Any time you drive down the Pacific side of the Olympic Peninsula, take the time to slow down with a visit to Beards Hollow State Park just outside of Long Beach. The Park is for exploration, contemplation, and getting in touch with your natural side. Here’s an example of what you’ll find.

When you enter the Beards Hollow State Park the impression is one of quiet, moist nature walks. There are plenty of those within the bounds of the Park. Still lily ponds entice the visitor to pause and reflect on their lives as well as the sky’s mirror. Delicate yellow blossoms peak up from the foliage to wave at the viewer. Birdsong echoes through moss-covered trees to remind you of the outside world.

Other visitors may whiz by you on their bikes. Don’t be alarmed. Wish them a Bon Voyage as they trek along the Discovery Trail, which winds its way through the Park from Long Beach to Cape Disappointment, and on to Ilwaco and the Coast Guard Station.

Allow yourself to take the slow road for a while as you stand on a wooden bridge to look across the intervening vegetation that occludes the sea. It was less than 150 years ago that the sea came all the way into the position of that bridge. Time and silt, breezes and seeds on the wind have filled in the former inlet.

Take a stroll down the paved path to the beach. Pause to admire the hidden lily ponds. Study the lushness of the hillsides, and know that if that lushness disappeared tomorrow, it would take little time for it to return with the prevailing climate of the rain-forested area.

Pass under nature’s arches. Look at the small offerings along the way. Breathe deep and let your mind wander toward possibilities.

Short cliff sides rise on the right. Native succulents cling to cracks so they can show off their colors. At the dunes driftwood stops you in your tracks. This one can give the visitor a vignette view of the sea simply by looking through its eye.

Fog rolls in, sometimes without warning. Early morning in August often finds misty beaches like Beards Hollow. The day’s temps are warm, but fog can linger to add of subtle chill to the dune side experience.

When you return to your car, think about exploring Cape Disappointment on the next prominence south of the Park. You won’t be disappointed. Between the lighthouse and the views, another chapter in your visitor’s book will be completed.

Try the links below to help decide when you’ll take a walk or ride on the Pacific’s edge.

Discovery Trail from Long Beach, WA, through Beards Hallow State Park, Cape Disappointment, and across to Ilwaco and the U.S. Coast Guard Station. Link:

Beard’s Hollow State Park link:

Discovery Trail: a different view. Link:


There’s Room at the Inn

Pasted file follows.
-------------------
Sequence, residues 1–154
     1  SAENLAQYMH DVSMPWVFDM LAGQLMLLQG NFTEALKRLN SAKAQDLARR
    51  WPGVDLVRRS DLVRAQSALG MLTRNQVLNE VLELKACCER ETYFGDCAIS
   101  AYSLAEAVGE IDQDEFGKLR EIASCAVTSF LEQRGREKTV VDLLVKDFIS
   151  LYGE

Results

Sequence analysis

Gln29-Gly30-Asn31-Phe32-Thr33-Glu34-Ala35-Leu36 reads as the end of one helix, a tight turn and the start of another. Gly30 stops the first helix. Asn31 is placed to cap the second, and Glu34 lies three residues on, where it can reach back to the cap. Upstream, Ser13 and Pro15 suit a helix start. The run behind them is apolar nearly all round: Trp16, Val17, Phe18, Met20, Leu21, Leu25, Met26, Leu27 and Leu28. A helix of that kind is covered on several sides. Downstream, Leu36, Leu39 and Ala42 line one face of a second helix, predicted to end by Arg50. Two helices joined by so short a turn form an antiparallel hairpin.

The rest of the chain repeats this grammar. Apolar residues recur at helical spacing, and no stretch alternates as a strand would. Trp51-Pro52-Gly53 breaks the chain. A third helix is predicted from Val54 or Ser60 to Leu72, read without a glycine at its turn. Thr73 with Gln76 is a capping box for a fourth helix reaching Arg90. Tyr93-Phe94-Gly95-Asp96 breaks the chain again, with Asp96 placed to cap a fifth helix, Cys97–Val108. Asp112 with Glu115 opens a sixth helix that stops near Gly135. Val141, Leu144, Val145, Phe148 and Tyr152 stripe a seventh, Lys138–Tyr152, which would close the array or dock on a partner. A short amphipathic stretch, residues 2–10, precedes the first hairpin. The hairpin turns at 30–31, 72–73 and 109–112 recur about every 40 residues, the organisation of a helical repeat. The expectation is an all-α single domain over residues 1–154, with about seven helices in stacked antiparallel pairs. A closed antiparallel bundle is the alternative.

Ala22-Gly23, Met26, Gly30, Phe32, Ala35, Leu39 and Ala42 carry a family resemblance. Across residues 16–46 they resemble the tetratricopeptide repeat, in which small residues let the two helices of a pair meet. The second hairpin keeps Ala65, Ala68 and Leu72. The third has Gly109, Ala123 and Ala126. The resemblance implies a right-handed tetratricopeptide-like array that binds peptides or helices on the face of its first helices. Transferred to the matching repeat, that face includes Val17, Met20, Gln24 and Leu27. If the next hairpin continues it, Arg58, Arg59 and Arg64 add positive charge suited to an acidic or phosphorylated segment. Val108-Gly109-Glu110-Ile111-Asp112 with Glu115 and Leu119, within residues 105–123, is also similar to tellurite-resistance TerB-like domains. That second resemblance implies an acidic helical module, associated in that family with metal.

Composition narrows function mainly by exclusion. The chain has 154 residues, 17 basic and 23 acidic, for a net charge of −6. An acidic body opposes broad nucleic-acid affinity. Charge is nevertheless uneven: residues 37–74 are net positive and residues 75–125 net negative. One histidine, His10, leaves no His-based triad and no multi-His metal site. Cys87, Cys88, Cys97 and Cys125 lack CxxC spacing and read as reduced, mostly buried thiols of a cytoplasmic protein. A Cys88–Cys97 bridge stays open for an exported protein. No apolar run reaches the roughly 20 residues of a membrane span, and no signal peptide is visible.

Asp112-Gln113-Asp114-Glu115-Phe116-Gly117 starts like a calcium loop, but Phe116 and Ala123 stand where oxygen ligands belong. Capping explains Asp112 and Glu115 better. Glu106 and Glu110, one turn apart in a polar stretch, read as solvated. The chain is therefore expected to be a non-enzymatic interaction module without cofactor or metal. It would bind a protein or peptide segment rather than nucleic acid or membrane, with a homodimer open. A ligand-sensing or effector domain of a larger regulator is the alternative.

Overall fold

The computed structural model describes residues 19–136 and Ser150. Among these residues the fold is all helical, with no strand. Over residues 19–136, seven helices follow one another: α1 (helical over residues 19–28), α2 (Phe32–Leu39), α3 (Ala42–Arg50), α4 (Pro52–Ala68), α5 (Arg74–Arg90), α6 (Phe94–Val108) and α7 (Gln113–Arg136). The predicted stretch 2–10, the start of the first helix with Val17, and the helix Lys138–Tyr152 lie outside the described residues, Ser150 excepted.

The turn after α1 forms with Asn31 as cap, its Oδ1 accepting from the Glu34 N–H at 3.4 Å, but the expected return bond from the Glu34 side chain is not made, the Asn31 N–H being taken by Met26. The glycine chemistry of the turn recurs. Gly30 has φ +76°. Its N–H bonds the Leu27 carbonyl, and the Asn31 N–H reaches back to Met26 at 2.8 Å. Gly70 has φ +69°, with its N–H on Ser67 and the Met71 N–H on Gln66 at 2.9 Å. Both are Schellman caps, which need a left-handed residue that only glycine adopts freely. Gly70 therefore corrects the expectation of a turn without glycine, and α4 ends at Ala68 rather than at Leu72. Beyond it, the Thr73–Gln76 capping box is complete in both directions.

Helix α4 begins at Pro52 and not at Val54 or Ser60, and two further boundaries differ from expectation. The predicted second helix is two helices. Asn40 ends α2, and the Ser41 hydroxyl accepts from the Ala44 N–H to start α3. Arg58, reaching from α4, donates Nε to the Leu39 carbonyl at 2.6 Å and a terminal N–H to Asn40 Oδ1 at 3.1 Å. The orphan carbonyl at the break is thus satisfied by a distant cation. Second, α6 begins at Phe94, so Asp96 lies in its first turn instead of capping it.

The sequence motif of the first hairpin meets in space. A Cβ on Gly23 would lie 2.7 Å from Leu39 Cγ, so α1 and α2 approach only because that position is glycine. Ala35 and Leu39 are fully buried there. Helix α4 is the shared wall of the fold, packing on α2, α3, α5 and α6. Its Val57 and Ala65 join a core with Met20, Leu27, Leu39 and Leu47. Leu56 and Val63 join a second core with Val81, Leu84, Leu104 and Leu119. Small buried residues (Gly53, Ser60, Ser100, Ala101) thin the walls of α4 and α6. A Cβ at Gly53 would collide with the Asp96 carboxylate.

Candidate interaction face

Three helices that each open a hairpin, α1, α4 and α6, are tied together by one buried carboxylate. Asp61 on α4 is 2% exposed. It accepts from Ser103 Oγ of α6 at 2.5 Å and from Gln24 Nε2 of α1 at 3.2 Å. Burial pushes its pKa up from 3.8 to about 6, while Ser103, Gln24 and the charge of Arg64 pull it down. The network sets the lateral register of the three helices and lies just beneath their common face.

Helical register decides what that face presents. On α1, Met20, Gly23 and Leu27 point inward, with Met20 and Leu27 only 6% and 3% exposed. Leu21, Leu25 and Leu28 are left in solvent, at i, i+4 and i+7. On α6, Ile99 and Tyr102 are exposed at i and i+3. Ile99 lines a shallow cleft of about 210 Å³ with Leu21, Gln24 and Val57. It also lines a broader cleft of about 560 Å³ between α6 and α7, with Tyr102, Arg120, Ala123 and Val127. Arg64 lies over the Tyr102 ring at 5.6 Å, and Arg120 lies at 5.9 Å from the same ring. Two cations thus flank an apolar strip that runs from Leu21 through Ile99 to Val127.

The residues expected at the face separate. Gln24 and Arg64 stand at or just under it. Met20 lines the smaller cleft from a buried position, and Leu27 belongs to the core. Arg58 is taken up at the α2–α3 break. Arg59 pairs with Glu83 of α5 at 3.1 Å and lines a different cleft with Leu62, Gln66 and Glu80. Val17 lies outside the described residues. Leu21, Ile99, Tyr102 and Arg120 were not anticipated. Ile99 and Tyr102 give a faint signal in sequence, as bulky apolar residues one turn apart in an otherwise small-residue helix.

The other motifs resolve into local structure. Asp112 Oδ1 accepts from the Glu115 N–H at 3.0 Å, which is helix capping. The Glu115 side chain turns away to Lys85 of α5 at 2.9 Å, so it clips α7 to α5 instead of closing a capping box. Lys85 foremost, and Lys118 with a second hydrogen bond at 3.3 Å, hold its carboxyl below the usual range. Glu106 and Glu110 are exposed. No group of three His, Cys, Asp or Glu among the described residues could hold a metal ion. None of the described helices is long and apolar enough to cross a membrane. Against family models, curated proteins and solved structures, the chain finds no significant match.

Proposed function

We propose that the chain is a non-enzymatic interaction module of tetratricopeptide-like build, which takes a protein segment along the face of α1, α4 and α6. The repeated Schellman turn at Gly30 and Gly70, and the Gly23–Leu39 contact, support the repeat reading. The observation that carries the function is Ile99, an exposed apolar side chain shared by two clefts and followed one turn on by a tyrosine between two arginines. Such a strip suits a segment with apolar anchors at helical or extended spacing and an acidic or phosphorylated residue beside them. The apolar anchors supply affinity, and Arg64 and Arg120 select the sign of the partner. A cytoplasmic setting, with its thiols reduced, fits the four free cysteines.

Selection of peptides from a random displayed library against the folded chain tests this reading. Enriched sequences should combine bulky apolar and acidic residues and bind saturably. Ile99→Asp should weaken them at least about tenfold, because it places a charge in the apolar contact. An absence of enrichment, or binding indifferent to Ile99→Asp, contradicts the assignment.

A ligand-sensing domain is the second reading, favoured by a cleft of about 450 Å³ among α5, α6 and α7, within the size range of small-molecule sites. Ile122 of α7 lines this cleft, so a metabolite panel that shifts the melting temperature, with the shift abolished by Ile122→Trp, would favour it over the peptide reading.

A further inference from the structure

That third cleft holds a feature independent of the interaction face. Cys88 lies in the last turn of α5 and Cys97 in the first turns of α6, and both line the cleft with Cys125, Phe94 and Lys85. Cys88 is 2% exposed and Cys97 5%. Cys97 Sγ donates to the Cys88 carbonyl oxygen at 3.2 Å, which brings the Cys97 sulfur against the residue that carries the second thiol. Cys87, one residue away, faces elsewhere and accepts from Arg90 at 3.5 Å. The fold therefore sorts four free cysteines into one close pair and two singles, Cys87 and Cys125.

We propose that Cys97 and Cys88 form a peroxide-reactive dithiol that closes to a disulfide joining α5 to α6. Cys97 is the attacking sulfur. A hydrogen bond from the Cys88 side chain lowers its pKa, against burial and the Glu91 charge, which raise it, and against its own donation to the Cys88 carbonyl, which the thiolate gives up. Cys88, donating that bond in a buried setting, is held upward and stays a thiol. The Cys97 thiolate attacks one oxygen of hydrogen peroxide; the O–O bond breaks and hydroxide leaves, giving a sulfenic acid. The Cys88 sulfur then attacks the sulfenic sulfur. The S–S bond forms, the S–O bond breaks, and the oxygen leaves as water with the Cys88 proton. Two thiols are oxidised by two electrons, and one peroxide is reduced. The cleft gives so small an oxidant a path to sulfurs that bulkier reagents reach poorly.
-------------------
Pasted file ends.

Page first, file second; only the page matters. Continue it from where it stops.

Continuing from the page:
After getting a few things done this past Monday morning, BJ and I decided to take a little jaunt for relaxation and exploration. We do that as frequently as possible as a kind of recharging of the creative batteries. One of the things we also do is drive along a road that we’ve not explored.

We knew that we wanted to go up to Goat Lick, which is a spot just outside the southern boundary of Glacier Park where Rocky Mountain Goats congregate on a regular basis. We also knew that the little town of Essex came before Goat Lick. Our tentative plan fell into place.

Gas, food, sunshine, and a road to lead us. What more could a person want?

Tourists are moving out. The steady stream of outgoing adventurers makes way for those who come from closer locations, as well as those who wish to see parks like Yellowstone and Glacier in the autumn. Meeting visitors is inevitable and the only requirement for successfully dealing with the situation is to take the time to proudly bestow one’s local knowledge to those looking for it. It saves nerves and patience supplies.

The Essex entrance on the south side of Hwy. 2 tends to sneak up on a driver. We were looking for it and had no trouble, though. The winding, forested road took us past mountain homes of all descriptions, some very elaborate. At the end of the main road we entered the parking lots of Izaak Walton Hotel and Resort (formally Izaak Walton Inn) and came to an abrupt halt.

The Tudor style Hotel on our right commanded our attention and admiration. Until that moment we’d not known that such a place existed. Color us delighted.

Delight expanded our horizons when we looked to the left and saw train cars ready for perusal. A caboose, freshly painted red with the Great Northern Railroad logo on the side sat at the edge of the parking lot, tempting the visitor to come see.

Straight ahead stood a pavilion to shade and welcome those who simply wanted to rest and socialize outdoors. To its left loomed an engine, painted blue and white with entrance deck platforms at either end.